The Heroe, Scourge of Ingénuité and Naïveté, couched his Lance and spurred his mighty Stallion. He bore on the trembling enemy like a tempest, charged him en véritable sanglier, and — a few echoing pages and many poignant footnotes later — what had been nasty Standardtheorie (more conveniently known to its rather dubious friends as ‘the Snark’) was left a wretched, bloody bundle of opinions squirming on the ground. O great relief! The Menace, the obnoxious (And, if the truth be told, pathetic) Skandalon of modern enlightened Linguistics and Egyptology, is no more — to the everlasting gratitude and awe of future generations.
0.1 The book under review is structured as follows: Presentation of the texts, previous work on them, features of the corpus; the structure of nominal phrases (bases, determiners and quantifiers, their lexical expansions; clausal expansions, the augens, number and gender, adjectives; partitive, genitival and appositive constructions). Special types of noun (PNs, numbers, verbal nouns). Verb phrases and verb clauses (bases and their expansions; the tenses; auxiliaries); the durative system (with discussion of subjects and predicates, negation, conversion, aspect and existential patterns). Predication and emphasis (esp. Nominal Predications and the Second Tenses). Appendices include Tables (demonstrative, determinators, quantifiers, pronominals, converters); the texts and their translation. Bibliographical references and Indexes (passages discussed, words discussed, other texts quoted). Individual section are structured as follows: Form (morphology, orthography, palaeography); “Function” (grammatical status and role, patterning and construction); “Content” (semantics).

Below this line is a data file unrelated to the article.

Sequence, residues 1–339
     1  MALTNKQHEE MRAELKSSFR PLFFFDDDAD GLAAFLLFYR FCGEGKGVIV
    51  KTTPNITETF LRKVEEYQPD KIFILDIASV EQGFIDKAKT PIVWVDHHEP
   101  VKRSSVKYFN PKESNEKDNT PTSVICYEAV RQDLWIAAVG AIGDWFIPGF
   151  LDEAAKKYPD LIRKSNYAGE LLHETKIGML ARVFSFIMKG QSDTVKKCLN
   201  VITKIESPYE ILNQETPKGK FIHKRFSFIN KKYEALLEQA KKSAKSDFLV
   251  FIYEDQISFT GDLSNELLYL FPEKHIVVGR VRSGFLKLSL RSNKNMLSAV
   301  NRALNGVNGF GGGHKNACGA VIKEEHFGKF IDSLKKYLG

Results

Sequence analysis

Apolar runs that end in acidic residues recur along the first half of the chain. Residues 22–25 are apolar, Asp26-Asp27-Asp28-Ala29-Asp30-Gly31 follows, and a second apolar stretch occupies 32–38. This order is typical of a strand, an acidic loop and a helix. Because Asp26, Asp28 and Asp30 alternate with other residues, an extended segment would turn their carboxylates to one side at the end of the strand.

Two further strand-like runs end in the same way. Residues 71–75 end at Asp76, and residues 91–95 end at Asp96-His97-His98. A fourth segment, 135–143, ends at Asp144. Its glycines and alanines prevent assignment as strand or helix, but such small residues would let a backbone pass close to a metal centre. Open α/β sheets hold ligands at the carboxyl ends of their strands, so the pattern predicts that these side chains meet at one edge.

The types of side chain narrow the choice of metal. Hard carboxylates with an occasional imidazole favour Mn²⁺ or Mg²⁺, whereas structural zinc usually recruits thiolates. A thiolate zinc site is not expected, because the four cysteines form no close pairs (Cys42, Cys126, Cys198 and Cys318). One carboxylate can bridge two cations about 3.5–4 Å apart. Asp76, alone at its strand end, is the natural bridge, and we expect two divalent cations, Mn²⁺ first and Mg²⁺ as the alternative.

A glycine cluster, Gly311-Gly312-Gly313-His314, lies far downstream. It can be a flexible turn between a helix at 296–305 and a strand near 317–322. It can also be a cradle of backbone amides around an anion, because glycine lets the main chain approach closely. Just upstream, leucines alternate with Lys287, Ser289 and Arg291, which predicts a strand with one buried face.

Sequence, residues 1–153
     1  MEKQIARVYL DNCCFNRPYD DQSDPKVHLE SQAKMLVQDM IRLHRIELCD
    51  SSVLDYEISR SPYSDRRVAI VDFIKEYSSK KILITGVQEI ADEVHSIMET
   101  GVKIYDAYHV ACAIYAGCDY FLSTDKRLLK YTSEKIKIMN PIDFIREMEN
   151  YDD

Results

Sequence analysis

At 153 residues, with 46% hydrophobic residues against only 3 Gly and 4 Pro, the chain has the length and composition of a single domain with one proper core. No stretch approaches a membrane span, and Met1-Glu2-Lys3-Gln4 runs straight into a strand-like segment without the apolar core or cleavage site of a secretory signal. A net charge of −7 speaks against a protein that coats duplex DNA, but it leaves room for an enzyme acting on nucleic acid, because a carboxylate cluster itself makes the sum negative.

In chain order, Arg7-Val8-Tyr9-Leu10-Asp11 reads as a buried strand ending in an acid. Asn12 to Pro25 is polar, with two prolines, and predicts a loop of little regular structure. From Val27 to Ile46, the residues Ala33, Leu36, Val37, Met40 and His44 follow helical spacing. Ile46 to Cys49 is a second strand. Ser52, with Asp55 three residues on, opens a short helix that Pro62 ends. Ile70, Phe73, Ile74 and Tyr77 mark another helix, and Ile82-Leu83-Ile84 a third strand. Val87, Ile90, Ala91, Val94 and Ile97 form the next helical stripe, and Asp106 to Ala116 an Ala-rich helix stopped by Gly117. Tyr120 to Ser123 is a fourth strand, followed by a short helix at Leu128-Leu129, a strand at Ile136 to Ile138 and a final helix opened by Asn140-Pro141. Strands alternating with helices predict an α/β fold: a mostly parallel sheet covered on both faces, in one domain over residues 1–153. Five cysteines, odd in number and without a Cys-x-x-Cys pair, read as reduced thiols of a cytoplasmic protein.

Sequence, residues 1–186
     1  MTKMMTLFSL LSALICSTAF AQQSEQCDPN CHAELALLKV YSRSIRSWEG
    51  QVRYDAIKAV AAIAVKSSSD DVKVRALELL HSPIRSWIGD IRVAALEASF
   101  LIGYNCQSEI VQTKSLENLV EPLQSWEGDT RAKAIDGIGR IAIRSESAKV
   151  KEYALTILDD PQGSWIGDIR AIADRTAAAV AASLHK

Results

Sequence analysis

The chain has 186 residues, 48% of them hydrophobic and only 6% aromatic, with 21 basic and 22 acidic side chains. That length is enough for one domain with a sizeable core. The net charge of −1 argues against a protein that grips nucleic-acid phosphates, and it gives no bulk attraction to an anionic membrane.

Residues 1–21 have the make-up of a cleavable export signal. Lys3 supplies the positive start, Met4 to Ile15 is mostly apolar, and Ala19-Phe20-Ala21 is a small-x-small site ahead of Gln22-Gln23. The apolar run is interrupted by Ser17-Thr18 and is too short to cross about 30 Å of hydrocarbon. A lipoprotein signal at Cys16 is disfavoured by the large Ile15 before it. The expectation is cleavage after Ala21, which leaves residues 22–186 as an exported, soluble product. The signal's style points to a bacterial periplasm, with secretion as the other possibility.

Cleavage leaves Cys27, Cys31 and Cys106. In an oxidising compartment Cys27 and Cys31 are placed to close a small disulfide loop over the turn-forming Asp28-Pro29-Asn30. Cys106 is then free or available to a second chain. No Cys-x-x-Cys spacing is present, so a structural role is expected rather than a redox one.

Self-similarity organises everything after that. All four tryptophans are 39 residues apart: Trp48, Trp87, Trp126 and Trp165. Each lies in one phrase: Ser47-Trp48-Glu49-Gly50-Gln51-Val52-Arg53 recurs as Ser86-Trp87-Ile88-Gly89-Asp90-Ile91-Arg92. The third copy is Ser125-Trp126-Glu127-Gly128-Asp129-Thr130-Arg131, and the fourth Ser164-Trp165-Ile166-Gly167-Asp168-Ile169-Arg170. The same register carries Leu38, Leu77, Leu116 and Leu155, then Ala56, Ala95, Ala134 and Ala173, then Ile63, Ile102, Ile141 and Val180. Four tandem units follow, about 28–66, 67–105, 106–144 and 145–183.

0.2 This work is wondrously attractive in presentation, to a linguist, especially a ‘linguist of later Egyptian’. I must say, at the onset, that I find the book a splendid achievement. I must also personally and subjectively confess to an especially festive feeling, under the enticing sensation of Demotic as ‘Egyptian-encoded Coptic’, a sensation intensified and enhanced by carefully perusing the present work. Demotic, and especially early Demotic, is still the least familiar of all phases of Egyptian; and that not least due to this very same enigmatic balance between the Coptic-type and ‘pre-Coptic Egyptian’-type phenomena. In fact, Demotic has a special value for the typological diachrony of Egyptian: its conception as an in-between phase between the (analyzing) LE to the (agglutinating in resynthesizing) Coptic must stand or fall by precise structural information, such as is offered by this painstaking work. For instance, the Second Tenses and focalization; the perfect vs. preterite opposition; the Nominal Sentence; the aorist (atemporal) tense category; the future, the causative form-constructions — these are all features that pattern and inform the unbroken history of Egyptian, the longest unbroken evolution of any language in our experience.